How to Manage a household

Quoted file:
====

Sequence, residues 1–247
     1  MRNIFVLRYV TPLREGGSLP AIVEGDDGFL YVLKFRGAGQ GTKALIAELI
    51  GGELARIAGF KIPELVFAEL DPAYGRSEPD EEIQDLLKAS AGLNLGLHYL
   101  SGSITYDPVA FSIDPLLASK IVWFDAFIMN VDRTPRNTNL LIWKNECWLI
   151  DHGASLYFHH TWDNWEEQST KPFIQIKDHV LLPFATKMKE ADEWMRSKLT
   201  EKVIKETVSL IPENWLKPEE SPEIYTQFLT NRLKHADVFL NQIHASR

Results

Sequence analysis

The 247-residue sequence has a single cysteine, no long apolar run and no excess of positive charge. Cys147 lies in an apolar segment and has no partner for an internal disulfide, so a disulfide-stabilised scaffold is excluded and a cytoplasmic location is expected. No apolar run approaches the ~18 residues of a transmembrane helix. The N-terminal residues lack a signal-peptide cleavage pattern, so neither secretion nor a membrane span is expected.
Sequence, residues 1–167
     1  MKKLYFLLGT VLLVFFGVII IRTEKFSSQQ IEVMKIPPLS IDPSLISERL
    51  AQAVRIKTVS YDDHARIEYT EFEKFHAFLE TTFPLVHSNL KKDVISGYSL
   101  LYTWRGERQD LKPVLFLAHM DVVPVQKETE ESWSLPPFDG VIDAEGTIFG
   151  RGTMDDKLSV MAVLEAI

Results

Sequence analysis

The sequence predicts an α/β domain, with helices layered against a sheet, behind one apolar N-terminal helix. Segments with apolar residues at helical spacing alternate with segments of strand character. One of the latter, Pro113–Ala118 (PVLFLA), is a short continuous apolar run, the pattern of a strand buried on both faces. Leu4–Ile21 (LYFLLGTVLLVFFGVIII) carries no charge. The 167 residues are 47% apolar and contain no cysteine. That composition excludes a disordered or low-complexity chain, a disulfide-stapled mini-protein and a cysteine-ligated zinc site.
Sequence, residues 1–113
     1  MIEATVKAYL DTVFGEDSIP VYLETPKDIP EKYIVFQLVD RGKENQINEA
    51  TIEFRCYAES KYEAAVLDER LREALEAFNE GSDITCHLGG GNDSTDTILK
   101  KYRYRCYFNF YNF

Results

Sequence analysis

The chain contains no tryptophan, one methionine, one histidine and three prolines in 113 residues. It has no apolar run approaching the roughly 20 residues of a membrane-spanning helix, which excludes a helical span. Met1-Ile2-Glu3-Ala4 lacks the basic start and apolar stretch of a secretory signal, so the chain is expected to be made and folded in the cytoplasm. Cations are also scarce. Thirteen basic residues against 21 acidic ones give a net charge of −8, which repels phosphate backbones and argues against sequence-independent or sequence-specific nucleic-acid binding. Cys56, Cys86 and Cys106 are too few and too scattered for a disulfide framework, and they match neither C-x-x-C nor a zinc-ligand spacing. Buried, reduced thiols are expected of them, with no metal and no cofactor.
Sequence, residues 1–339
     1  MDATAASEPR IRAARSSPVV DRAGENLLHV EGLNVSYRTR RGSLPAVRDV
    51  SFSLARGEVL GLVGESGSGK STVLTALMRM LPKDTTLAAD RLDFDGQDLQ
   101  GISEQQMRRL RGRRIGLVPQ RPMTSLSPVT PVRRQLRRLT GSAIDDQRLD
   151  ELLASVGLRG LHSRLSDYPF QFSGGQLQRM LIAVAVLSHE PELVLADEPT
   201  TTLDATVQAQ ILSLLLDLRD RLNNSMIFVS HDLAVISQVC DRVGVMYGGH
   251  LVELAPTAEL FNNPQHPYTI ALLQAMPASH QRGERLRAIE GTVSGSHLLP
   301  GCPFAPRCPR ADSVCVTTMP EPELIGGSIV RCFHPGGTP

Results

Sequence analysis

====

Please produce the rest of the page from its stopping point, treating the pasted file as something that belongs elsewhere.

by William C. Michael